John Nash is best known for his work in creating London's Regent's Park and Regent Street. Throughout his long and prolific career Nash worked in a variety of styles, the result of two influences. The first was the classicism of Sir Robert Taylor (1714–1788), in whose offices he trained in the years before 1778. The second was the picturesque approach of landscape designer Humphry Repton (1752–1818), with whom Nash worked between 1792 and the early 1800s. For Repton, landscape design was much more than gardening, and his schemes for the estates of wealthy landowners would invariably include architectural elements designed to enhance the picturesque qualities of the landscape, in whatever style he felt best reflected the "true character" of the site. Nash provided the designs to fit, which ranged from neo-Palladian villas (Southgate Grove, Middlesex, 1797) to gothic castles (Luscombe Castle, Devon, 1800; Killymoon Castle, Ireland, c. 1803), and numerous picturesque thatched cottages (Blaise Hamlet, 1803–11). In each case considerations of a picturesque outline and the relationship of rooms to views over the landscape took precedence over classical symmetry or stylistic "correctness." To the discerning eye, Nash's gothic castles and cottages rarely appeared historically convincing, but Nash was interested in visual effects and historical associations, not in authenticity. His work with Repton played an important role in spreading and popularizing the gothic style.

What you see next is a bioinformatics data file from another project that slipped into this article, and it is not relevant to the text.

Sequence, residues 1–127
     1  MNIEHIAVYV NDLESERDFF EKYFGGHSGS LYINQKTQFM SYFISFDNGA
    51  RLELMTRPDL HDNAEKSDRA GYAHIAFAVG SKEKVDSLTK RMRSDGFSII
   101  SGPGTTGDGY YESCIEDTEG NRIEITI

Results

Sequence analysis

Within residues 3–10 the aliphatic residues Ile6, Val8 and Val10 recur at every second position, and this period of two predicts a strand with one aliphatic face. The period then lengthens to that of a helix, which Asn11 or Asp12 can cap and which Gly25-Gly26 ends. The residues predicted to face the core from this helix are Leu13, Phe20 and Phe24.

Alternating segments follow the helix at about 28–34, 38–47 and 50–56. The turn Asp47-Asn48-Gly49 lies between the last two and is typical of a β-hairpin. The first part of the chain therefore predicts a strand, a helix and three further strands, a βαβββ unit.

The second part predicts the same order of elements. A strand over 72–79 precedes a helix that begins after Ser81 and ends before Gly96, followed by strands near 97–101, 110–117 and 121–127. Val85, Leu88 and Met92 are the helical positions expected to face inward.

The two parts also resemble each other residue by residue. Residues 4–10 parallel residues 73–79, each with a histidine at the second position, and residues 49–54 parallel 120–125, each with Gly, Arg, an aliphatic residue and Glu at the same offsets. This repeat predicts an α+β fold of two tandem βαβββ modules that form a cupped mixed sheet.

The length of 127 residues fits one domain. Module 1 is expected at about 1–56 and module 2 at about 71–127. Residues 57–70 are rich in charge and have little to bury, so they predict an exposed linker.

In 1806 Nash was appointed architect to the Department of Woods and Forests, a post that involved the maintenance of the royal estates. In 1811 he proposed an ambitious scheme to create a park and a new residential quarter on the extensive crown lands in north London (Regent's Park, from 1812). Making a revolutionary break from the formal symmetrical squares that had been a feature of eighteenth-century London, Nash designed a romantic landscape of lakes, curving pathways, gentle slopes, and clumps of trees, with groups of houses scattered around the periphery. It was the first time the picturesque ideal of houses set within parkland had been applied at such a large scale to an urban setting, and it was